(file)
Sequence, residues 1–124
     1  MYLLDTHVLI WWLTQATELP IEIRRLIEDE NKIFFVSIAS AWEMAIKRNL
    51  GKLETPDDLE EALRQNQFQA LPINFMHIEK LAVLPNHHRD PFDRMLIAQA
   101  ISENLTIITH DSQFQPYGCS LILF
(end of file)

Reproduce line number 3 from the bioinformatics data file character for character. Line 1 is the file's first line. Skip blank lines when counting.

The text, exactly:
    51  GKLETPDDLE EALRQNQFQA LPINFMHIEK LAVLPNHHRD PFDRMLIAQA